Evaluating the cut-off of PAC/h defined by Wallmann et al. [13] yielded comparable results: 16.8% (CI 9.9%–23.8%) vs. 3.4% (CI 0.0%–7.6%) for PAC/h >3 vs. ≤3. Applying the cut-offs for PAC/h and longest SV-run24 h as defined for initially healthy subjects by Binici et al. [15] showed slightly different PAF rates: 24.4% (CI 11.1%–38.5%) vs. 7.4% (CI 3.6%–11.7%), p = 0.001, for PAC/h >30 vs. ≤30 and 37.5% (CI 13.3%–64.3%) vs. 8.9% (CI 5.3%–12.9%), p<0.001, for SV-run24 h >20 vs. ≤20 beats.

Patients with PAF showed more supraventricular ectopic activity: PAC/h = 29 [IQR 9; 143] vs. 4 [1]; [14] and SV-run24 h = 10 [5]; [21] vs. 0 [0; 8] beats (both p<0.001).

Both parameters, PAC/h and SV-run24 h, discriminated between the PAF and the non-PAF group (area under the ROC curve = 0.763 [CI 0.667–0.858] and 0.716 [0.600–0.832]) (figure 4).

Figure 4. ROC-curves – ESVEA as a predictor of PAF.

ROC-curves for PAC/h (blue) and SV-run24 h (green) to detect paroxysmal atrial fibrillation A) in baseline 7-day Holter-monitoring only or B) total PAF after baseline 7-day Holter-monitoring and clinical follow-up (up to 1 year).

At the optimal cut-off-point (maximal Youden-index), sensitivity, specificity, negative and positive predictive value were 78.3%, 68.6%, 96% and 24% for PAC/h (8/h) and 73.9%, 69.2%, 96% and 23% for SV-run24 h (6 beats). The evaluated cut-offs by Binici et al. [15] slightly improved specificity at the cost of greatly impaired sensitivity. Sensitivity, specificity, positive and negative predictive value were 47.8%, 81.6%, 24.4% and 92.6% for PAC/h and 26.1%, 94.6%, 37.5% and 91.1% for longest SV-run24 h.

The predictive value of the ESVEA parameters was confirmed by repeating the analyses, taking into account only cases whose ESVEA parameters had been determined in an ECG-interval before first documentation of PAF. The revised median frequency of PAC remained 4/h and PAF prevalence remained significantly higher in those with PAC/h >4 (11.8%; CI 5.4%–18.7% vs. 1.9%; CI 0.0%–4.8%, p = 0.005). The revised median for longest SV-run24 h, however, turned out to be 0 with the smaller number of PAF-patients and we did not apply this cut-off to calculate the differences in PAF prevalence. ESVEA rates remained higher in the PAF vs. the non-PAF group: the median was 11 (IQR 5/106) vs. 4 (IQR 1/15) for PAC/h and 12 (IQR 5/12) vs. 0 (IQR 0/8) for the longest SV-run24 h. Both markers still discriminated between the PAF and the non-PAF group: The area under the ROC curve was 0.686 (CI 0.540–0.832), p = 0.038 for PAC/h and 0.733 (CI 0.575–0.891), p = 0.01 for the longest SV-run24 h.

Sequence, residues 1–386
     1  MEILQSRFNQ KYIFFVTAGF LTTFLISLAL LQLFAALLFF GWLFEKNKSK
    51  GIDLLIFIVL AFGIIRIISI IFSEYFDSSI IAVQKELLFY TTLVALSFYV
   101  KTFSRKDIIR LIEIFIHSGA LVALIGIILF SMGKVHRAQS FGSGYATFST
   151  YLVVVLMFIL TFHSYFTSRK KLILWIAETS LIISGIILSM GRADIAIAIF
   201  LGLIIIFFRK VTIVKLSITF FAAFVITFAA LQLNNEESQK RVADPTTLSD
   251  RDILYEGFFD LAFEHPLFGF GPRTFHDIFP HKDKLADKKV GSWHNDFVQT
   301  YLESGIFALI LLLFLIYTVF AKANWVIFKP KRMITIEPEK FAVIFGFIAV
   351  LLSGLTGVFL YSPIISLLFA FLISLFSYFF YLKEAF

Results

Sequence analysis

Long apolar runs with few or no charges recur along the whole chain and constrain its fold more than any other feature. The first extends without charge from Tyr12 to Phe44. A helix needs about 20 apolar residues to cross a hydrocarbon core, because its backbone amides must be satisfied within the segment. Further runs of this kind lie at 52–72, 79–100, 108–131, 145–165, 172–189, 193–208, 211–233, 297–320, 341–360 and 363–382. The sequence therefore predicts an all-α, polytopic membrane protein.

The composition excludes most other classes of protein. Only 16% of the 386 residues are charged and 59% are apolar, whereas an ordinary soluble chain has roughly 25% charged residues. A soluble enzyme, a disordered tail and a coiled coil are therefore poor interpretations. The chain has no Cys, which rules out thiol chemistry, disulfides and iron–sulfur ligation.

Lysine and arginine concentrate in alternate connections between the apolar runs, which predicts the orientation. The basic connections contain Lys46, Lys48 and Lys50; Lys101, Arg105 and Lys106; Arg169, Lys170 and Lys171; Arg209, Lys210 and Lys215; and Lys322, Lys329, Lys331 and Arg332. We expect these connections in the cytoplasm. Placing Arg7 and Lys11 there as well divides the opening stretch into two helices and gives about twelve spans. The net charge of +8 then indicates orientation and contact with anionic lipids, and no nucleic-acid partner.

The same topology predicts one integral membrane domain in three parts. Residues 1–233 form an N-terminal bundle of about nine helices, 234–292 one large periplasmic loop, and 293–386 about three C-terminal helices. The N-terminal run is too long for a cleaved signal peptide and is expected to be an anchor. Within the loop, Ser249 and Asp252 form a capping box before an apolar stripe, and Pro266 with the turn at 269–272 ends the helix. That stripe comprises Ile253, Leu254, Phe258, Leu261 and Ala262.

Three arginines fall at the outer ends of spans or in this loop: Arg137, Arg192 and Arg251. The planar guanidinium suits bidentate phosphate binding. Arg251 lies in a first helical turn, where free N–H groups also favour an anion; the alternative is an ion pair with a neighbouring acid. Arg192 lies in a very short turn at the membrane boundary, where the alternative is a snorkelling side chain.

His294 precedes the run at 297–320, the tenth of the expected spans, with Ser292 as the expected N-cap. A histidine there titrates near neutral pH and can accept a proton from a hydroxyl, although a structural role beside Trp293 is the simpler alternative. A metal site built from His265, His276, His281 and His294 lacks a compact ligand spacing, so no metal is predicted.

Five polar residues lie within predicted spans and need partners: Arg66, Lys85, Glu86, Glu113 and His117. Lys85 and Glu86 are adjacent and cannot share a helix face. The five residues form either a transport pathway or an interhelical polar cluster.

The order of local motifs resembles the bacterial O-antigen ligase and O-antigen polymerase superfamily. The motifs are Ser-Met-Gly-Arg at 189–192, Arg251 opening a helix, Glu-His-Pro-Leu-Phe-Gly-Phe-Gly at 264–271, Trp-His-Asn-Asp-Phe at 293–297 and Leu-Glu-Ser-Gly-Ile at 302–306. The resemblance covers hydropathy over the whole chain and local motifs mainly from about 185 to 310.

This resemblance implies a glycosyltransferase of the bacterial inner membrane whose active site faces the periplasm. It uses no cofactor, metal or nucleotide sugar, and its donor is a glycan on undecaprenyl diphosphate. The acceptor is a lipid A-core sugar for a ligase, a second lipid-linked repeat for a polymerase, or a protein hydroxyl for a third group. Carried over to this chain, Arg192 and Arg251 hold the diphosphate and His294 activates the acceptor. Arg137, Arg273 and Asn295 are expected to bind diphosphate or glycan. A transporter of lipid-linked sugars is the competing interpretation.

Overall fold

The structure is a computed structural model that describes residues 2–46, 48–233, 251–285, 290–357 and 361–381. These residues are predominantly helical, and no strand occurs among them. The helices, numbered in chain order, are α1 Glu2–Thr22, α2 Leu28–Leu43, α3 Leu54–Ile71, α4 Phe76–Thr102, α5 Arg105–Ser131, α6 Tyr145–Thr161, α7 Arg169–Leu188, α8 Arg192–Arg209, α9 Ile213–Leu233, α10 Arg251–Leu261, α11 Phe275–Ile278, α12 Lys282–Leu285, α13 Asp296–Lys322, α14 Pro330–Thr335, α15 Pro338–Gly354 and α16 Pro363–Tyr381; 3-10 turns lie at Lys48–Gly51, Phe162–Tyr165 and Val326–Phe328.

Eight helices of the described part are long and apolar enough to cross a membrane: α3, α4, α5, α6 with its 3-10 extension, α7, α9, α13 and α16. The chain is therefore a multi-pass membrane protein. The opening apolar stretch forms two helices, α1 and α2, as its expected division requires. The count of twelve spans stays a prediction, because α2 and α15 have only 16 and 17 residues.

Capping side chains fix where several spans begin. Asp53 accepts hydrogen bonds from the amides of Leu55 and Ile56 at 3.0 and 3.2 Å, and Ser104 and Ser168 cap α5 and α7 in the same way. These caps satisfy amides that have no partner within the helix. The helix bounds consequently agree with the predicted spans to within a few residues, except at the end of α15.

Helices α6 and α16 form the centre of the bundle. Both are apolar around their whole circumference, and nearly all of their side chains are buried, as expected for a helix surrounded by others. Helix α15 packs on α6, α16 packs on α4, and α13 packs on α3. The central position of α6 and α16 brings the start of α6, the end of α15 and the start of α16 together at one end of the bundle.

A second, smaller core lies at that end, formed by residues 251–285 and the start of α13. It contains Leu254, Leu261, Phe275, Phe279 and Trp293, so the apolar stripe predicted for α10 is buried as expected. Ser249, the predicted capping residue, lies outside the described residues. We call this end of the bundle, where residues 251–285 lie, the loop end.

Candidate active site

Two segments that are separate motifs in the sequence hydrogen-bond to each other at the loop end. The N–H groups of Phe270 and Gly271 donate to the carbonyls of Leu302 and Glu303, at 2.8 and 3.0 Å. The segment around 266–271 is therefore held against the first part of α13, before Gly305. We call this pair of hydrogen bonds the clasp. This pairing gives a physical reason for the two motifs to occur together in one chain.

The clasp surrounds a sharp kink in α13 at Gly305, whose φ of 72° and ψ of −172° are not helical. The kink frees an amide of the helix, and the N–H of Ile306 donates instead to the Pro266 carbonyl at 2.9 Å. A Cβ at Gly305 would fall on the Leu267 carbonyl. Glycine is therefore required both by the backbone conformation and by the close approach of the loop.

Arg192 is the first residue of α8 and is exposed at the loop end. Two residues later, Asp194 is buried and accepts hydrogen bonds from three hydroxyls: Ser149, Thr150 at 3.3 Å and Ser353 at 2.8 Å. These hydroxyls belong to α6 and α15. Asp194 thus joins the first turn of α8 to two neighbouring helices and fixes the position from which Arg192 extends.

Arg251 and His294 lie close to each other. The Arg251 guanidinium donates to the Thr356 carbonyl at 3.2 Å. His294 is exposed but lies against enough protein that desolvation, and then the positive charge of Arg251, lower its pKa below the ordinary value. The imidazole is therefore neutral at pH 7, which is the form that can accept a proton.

In multivariate analyses using age, sex, body-mass index, systolic blood pressure, hypertension and heart failure as covariates, log(PAC/h) (p = 0.002) and log(SV-run24 h) (p = 0.007) were independently associated with PAF (table S1A in file S1). The same was observed in a different model based on baseline differences between the groups (table S1B in file S1) as well as in a combination of both models (table S2 in file S1). Corrected for other significant predictors, patients with PAC/h >4 had an odds ratio of 5.7 (p = 0.011) and those with SV-run24 h >5 beats of 3.1 (p = 0.054) of having PAF (table S3 in file S1). Importantly, both ESVEA parameters maintained significance when LAVI/a’, the strongest echocardiographic predictor, was entered into the model (table S4A in file S1), with an adjusted odds ratio of 4.4 (p = 0.048) for PAC/h and 3.1 (p = 0.109) for SV-run24 h above the median (table S4B in file S1).

PAC/h ≤4+ normal LAVI/a’-index (i.e. <2.3) excluded presence of PAF (0/55 = 0.0%; CI 0.0%–6.5%), whereas PAF-rates were high in patients with PAC/h >4 and LAVI/a’ ≥2.3 (14/47 = 29.8%; CI 18.7%–44.0%).

Among those patients for whom LAVI/a’ was available, 8 (4.7%) experienced a recurrent stroke during follow-up. Seven of those (87.5%) had initially shown a pathologic LAVI/a’-index, whereas only 3 (37.5%) had had frequent PAC.


Our results imply that patients with ESVEA on 24-hour Holter-ECG show significantly higher PAF-rates within the entire, prolonged monitoring spell. Both parameters, frequent PAC and longest SV-run24 h, are significantly and independently associated with underlying PAF. When combining PAC/h, a marker of atrial electric remodelling, with LAVI/a’, an echocardiographic marker of structural atrial remodelling, PAF was literally ruled out in patients with normal results.